New Alternative Express (1991–1992)[edit]

An hour long Top 10 Alternative video block, replacing Chartbusters. Its final episode aired on Saturday, May 30, 1992 (early morning Sunday, May 31 in most time zones) and officially signaled the end of the Night Tracks franchise.

The Night Tracks DJs[edit]

This list only include permanent announcers a.k.a. the DJs of Night Tracks and not announcers filling in such as Bill Brummel and others.

  • Bob Coburn (1983–1986): Later hosted the national call in radio show Rockline and also at KLOS. Died on December 17, 2016.[3]
  • Joanne Ehrhart (Kreindel) (1983–1989)
  • Frazer Smith (1986–1988), (1989–1991)
  • Mike Carruthers (1988–1989): Currently hosting Something You Should Know.
  • Cynthia Fox (1989–1991): Formerly at KSWD.
  • Phillip Philistine ??? (1991–1992)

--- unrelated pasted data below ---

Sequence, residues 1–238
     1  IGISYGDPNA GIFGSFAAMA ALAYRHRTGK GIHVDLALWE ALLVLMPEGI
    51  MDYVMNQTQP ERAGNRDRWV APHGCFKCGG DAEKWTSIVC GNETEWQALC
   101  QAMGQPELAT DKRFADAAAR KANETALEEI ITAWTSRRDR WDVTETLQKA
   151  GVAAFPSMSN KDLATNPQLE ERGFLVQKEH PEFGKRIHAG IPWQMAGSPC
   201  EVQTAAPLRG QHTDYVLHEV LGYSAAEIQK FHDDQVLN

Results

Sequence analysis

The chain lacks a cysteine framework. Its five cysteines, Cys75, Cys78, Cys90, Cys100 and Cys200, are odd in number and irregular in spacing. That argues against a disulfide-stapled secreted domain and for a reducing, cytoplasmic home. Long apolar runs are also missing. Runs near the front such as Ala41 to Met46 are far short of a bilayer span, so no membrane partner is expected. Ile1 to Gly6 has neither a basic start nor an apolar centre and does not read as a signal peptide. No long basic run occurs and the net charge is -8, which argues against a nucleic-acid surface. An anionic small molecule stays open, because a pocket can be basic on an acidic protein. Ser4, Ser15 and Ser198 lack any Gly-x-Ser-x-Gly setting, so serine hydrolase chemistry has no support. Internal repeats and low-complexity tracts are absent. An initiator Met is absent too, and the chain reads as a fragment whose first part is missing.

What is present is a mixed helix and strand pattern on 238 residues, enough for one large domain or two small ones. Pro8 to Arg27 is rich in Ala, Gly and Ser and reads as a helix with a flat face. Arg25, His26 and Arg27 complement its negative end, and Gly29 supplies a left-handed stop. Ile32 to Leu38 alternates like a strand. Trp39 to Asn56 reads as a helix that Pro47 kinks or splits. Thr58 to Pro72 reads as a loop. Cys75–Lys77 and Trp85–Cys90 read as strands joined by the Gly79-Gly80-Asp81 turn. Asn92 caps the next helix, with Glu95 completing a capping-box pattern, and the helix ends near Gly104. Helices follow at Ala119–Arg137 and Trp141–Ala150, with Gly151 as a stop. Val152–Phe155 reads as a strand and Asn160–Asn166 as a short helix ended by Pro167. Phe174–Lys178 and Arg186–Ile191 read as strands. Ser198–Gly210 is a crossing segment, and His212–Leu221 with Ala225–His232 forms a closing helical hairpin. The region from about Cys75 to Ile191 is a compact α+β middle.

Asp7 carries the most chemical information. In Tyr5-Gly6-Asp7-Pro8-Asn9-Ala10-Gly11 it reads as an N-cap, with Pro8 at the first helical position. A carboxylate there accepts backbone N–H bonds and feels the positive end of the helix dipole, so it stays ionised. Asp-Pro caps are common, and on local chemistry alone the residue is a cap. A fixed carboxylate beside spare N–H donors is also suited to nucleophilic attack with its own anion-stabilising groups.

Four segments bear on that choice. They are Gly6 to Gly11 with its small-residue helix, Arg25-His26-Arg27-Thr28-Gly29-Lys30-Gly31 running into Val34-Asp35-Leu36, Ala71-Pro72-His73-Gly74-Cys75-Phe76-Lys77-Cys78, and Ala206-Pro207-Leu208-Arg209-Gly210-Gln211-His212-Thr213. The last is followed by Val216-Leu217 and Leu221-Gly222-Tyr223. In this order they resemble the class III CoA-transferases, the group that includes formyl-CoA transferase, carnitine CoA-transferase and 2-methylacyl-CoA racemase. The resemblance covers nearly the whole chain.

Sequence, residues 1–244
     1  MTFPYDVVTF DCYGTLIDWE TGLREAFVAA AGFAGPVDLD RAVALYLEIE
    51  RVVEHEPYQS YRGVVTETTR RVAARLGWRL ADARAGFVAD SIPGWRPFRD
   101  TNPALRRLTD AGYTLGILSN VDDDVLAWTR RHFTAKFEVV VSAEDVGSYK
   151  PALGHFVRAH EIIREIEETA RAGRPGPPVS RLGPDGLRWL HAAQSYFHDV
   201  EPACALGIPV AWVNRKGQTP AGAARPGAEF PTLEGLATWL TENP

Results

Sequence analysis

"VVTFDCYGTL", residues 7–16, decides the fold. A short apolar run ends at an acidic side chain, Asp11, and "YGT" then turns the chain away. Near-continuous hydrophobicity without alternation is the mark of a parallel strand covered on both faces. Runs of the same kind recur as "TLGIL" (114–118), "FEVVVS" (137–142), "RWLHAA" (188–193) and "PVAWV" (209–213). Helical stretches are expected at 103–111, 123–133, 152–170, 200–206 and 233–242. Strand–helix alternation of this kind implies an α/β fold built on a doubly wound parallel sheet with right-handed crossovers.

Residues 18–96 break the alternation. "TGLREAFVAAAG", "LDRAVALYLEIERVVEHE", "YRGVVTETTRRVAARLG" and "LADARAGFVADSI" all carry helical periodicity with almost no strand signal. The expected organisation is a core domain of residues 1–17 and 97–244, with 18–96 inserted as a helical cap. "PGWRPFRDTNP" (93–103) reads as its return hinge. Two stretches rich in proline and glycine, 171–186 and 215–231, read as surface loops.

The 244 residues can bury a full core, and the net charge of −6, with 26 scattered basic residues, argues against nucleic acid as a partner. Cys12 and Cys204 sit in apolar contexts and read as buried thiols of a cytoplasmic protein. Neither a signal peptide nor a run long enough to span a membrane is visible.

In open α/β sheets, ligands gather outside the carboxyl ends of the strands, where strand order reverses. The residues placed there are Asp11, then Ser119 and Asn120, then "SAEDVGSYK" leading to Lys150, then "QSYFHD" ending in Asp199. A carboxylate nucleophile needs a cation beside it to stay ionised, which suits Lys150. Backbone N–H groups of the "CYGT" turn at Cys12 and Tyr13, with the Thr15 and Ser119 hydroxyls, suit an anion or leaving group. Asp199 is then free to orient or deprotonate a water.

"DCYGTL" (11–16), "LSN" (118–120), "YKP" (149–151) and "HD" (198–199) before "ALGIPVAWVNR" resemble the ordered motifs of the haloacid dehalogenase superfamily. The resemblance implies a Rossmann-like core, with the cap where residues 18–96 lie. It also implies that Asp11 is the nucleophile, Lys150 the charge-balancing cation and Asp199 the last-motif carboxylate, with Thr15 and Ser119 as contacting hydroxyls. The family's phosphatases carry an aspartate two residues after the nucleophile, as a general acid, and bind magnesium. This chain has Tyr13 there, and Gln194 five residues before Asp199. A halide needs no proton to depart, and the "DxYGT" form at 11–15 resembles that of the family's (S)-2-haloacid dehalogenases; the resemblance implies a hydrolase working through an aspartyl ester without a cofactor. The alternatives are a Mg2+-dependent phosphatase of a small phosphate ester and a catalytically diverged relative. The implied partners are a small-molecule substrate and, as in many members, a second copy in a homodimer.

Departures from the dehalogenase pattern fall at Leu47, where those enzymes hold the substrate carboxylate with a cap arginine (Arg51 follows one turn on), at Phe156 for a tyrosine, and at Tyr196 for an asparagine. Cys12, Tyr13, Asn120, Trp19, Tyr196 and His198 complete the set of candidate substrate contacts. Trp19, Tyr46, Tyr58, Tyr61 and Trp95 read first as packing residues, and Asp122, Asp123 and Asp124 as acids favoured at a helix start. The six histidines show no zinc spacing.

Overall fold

• Nile Fair (1991–1992)
  • Heath Adams (1992)

The announcers faces were never seen except during a special year end show in 1991. During a typical Night Tracks show the announcers would mention artists and music videos that would be aired within the hour. They would also mention facts and information about the artists just before the videos were aired. The announcers were also heard in these segments during the show.

  • "The Night Tracks' New Music Video Of The Week"
  • "The Night Tracks' New Music Spotlight" (changed to "The Night Tracks' New Music Preview" in 1989) – Highlighting a new artist to Night Tracks just before that artist's debut video is aired.
  • "The Night Tracks' Original Classic" – A classic music video is aired with info on that artist.
  • "The Night Tracks' World Premiere" – Occasionally Night Tracks would have the privilege of being the first to air a particular music video. The announcers would thank the people at the record company for the arrangement.
  • "The Night Tracks' Inside Track" – A short one question interview segment just before that artist's video is aired.

Celebrity Guest Night Tracks VJs[edit]

See also[edit]

References[edit]

  1. ^ a b [1]
  2. ^ "Facts/History/Trivia/Music - Year In Review Video Timeline - 1955 Through 2013". mrpopculture.com.
  3. ^ "Bob Coburn, Host of L.A. Radio Program 'Rockline,' Dies at 68". Billboard.

External links[edit]